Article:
HomeCoinsHelium (HNT)The Sun is Setting on 3G; Why IoT Users Should Switch to...

The Sun is Setting on 3G; Why IoT Users Should Switch to Helium. | by Jacob Swinn | Dec, 2021

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For years, centralized telcos have had a stranglehold on the wireless network landscape, leaving IoT users little choice other than to commit to long-term, expensive contracts that leave many users paying for services they don’t need. Major carriers and ISPs have also been notorious for selling customer data and browsing history, almost always without consent.

Private LoRaWAN networks, while providing more privacy, are expensive to set up and run, with the need for infrastructure and hardware. Until recently, IoT users have had limited network options for operating devices and transferring data.

However, without a viable network alternative that can provide widespread global coverage, customers have had nowhere to turn.

Enter Helium.

The People’s Network’s open-source protocol has led to the creation of the world’s largest contiguous wireless network, quite literally built by the people, for the people. The Network provides a secure and cost-effective way for IoT devices to send data to and from the Internet.

The Helium Blockchain upon which the Network is built ensures both complete transparency as well as privacy of users’ data. Additionally, due to Helium’s rapidly-growing coverage (nearly 100K Hotspots have come online in the last 30 days alone, with hundreds of thousands more on order), the need to purchase and deploy network infrastructure is practically eliminated, creating an easy-to-use, efficient, and cost-effective network option for IoT users.

Key reasons for IoT users to choose Helium over 4G and other private networks include the low cost associated with using the Network as well as the long battery life for devices.

Cost can be broken down into two major areas: hardware and monthly data transfer.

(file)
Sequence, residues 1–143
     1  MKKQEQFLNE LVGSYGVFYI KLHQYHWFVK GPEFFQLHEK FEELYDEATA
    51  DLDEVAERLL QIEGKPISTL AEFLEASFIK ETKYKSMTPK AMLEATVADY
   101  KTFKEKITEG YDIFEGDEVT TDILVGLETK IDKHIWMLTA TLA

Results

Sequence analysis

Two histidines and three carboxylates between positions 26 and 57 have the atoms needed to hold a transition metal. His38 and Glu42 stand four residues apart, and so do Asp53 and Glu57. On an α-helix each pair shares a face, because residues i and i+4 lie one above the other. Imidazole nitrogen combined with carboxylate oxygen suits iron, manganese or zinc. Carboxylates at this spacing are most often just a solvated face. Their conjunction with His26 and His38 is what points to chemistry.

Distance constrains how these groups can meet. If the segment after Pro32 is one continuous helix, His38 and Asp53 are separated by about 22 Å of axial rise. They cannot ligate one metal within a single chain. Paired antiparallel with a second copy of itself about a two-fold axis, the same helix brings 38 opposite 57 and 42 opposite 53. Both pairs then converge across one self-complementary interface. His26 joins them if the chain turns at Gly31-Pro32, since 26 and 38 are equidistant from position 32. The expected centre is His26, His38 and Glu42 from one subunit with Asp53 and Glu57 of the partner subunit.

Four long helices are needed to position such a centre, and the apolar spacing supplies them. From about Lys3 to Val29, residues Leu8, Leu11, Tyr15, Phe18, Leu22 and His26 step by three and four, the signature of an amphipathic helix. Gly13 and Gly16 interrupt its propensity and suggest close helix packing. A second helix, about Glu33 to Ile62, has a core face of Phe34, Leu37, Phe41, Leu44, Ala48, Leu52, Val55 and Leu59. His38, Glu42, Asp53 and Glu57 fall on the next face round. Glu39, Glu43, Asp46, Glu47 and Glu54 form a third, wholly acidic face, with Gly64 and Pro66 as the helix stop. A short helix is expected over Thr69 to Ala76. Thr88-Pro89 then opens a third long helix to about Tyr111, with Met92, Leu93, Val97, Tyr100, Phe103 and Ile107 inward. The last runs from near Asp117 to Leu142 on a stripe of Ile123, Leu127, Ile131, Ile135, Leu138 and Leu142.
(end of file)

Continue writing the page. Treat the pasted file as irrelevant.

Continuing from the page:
Cost of Hardware

As a whole, LoRa hardware is nearly always going to be cheaper than hardware used for cellular due to, among other things, fewer components needed for a LoRa device (notably, LoRa devices don’t require a SIM card like devices running on cell). The average cost of GPS trackers today is around $100; these can sometimes be cheaper when the user is locked into a contract, but this also means that the user could be stuck paying a premium for solutions and services that they don’t need.

In comparison, high-performing LoRa trackers can be purchased for around $50 without the hassle of a contract. The Helium Network’s fast-growing coverage means that users will not necessarily need to purchase gateways, making it the logical choice for IoT users looking for an affordable network option.

Cost of Monthly Data Transfer

Helium users only pay based on usage. The cost of an IoT device sending data every five minutes on the Helium Network comes out to just over $1 per year. By contrast, the industry average for GPS trackers is around $10 per year per device.

According to LoneStar Tracking CTO Thomas Remmert, one of the company’s most popular use cases on the Helium Network is the tracking of industrial dumpsters. These dumpsters are typically in urban areas where Helium coverage is very strong, and with thousands of dumpsters being tracked, the high costs that would come with the use of cellular trackers would not allow for any profit. However, by utilizing LoRa trackers running on the Helium Network for $1 per year, LoneStar has found an affordable and accurate tracking solution that would be impossible on a cellular network.

Long Battery Life

Cellular IoT devices are notoriously power-hungry and have short battery lives. LoRa devices that operate on the Helium Network, such as the Yabby Edge tracker from Digital Matter, can last up to twelve years on just two AAA batteries, showing a significant increase in performance and low-power consumption.

With over 380K hotspots in more than 29K cities and 153+ countries around the world, Helium has become the network of choice for both major carriers and up-and-coming solutions providers. Helium’s ever-expanding list of partners currently includes:


  • Actility: A worldwide leader in IoT connectivity solutions. Companies using Actility include Volvo Group, Cisco, Accenture, Schneider Electric, and more.
  • Senet: A leading provider of cloud-based software and services platforms that enable global connectivity and on-demand network build-outs for the Internet of Things (IoT). Senet customers represent well over one billion transactions processed on the Senet network annually.

5G Network

  • DISH: The first major carrier in the telco industry to extend the Helium Network with customers deploying their own 5G CBRS-based Hotspots.

Smart City

  • City of San José: The first city to officially join the rapidly-growing Helium ecosystem, San José is deploying Helium-compatible Hotspots in order to increase internet access for more than 1300 low-income households.

Solutions Providers

  • Helium’s constantly-growing ecosystem of solutions providers and hardware makers includes companies developing use cases for verticals such as Asset Tracking, Smart Cities, Smart Agriculture, Supply Chain/Logistics, Environmental Monitoring, and many more.


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